There are many sectors in which consumer and enterprise trends tend to overlap. This is especially common as the consumerization of IT takes a stronger hold in the enterprise. One area where the gap between the two markets is almost indistinguishable is video.
While there are clear differences between enterprise video plans and consumer video streaming systems, the practices that have become popular in the consumer market often carry over to the enterprise.
One of those trends is the tendency to watch video on multiple types of devices.
The multi-screen movement
According to a recent study from Parks Associates, approximately 145 million consumers in western European nations regularly watch video using online streaming services. This is fueling a major uptick in the number of television service providers who are developing multi-screen solutions plans.
The study found that between 2012 and 2016, the number of pay-TV providers offering multi-screen plans will rise from 50 to 90.
Brett Sappington, director of research for Parks Associates, explained that the multi-screen movement in Europe is being fueled by trends in North America.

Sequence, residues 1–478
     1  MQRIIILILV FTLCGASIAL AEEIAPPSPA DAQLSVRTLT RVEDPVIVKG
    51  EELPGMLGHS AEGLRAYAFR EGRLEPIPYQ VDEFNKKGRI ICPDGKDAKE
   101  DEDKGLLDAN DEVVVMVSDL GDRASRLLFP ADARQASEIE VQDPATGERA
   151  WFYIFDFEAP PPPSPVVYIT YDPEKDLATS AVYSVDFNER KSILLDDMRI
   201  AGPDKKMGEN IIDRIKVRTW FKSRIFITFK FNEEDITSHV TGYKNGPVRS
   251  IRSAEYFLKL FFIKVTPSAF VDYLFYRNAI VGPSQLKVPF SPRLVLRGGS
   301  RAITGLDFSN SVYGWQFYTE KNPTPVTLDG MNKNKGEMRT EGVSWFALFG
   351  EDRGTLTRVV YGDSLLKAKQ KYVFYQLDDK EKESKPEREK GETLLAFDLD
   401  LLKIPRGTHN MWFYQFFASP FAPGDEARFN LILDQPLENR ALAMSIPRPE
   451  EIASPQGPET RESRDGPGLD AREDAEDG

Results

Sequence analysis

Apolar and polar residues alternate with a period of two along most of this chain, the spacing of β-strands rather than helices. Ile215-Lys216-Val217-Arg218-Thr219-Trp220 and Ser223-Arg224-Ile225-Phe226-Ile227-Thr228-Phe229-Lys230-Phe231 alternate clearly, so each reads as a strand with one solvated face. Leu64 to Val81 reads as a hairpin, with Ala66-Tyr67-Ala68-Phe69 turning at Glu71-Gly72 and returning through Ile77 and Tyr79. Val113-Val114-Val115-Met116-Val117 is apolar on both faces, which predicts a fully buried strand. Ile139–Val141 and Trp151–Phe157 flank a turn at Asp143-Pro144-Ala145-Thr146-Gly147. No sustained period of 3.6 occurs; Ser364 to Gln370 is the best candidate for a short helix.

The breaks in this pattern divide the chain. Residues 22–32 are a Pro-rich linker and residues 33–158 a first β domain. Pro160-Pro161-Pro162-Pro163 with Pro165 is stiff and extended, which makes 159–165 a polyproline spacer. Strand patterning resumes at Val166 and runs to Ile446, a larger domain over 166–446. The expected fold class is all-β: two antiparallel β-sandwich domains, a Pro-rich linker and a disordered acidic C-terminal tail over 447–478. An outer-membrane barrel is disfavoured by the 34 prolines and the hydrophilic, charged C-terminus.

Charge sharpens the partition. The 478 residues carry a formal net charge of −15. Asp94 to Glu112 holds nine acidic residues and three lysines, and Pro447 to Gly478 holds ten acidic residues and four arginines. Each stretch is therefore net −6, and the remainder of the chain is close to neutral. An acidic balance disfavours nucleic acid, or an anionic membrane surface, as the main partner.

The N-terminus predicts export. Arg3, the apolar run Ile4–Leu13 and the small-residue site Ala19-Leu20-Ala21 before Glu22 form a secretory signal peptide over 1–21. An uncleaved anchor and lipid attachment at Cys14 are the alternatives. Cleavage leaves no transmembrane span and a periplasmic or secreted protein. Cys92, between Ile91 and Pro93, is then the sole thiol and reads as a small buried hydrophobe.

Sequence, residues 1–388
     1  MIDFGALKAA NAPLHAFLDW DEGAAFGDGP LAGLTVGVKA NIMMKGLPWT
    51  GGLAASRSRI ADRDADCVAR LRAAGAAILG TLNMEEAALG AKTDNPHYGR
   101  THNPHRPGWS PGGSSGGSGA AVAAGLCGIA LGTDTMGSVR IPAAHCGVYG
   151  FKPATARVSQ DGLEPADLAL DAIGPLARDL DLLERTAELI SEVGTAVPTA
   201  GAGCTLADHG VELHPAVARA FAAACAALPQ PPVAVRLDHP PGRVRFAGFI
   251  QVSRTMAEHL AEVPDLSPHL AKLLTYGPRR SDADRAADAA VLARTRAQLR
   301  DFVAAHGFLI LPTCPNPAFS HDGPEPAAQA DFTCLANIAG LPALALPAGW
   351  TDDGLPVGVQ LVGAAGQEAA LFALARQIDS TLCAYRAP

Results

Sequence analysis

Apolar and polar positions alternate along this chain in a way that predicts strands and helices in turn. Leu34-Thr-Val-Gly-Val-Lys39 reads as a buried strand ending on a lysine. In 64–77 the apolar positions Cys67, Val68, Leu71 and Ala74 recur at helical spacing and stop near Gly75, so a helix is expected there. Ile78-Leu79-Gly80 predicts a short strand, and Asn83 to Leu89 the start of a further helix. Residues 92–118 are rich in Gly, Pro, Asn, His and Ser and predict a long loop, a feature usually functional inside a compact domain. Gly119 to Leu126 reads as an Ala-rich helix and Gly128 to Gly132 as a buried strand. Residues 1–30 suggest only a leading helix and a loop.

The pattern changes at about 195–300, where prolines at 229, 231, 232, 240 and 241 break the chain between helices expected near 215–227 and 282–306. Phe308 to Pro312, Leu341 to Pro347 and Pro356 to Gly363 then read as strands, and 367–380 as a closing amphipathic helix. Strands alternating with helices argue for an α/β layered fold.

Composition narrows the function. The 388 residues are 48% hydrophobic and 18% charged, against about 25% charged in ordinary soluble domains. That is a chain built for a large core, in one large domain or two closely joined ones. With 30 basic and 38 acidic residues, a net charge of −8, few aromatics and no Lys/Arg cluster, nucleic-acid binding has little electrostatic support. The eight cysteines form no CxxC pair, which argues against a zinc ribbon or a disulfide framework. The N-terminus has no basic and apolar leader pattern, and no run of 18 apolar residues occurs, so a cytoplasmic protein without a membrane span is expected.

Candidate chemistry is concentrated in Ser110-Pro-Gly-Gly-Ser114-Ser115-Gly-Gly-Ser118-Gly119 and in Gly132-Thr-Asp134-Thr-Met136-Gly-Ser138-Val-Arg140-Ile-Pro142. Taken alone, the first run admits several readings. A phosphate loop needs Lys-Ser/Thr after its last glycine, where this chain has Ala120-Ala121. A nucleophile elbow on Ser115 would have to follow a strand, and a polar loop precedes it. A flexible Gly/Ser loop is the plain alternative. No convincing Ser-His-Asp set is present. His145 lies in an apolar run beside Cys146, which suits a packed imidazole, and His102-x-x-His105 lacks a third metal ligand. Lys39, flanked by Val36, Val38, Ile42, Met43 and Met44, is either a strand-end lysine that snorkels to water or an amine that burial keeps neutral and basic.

“Rapid growth of connected CE devices in the home, concerns over cord cutting, moves to adopt multiscreen by competitors and the emergence of TV Everywhere services in North America initially drove implementation of multi-screen services in Europe,” said Sappington.
Implications for the enterprise
Even shallow analysis of the enterprise market will reveal that multi-screen environments are becoming commonplace. The rise of bring-your-own-device policies is creating an environment in which many workers are using personal smartphones and tablets in the workplace. At the same time, desktop PC workstations are still prominent as a base for employees, while laptops and other mobile devices offer flexibility.
This rise of multi-screen environments in the enterprise is creating an environment in which CIOs need to consider how video travels through the network. Evaluating the network architecture can reveal areas where data flows are disrupted by bandwidth limitations. This enables organizations to make strategic upgrades to more effectively support content delivery in a multi-screen environment.
As video gains importance for employee engagement and advanced meeting strategies, organizations have to respond by ensuring effective delivery. In an increasingly mobile-focused world, content distribution strategies need to be adjusted to support the distribution of video services to to traditional PCs and mobile devices alike.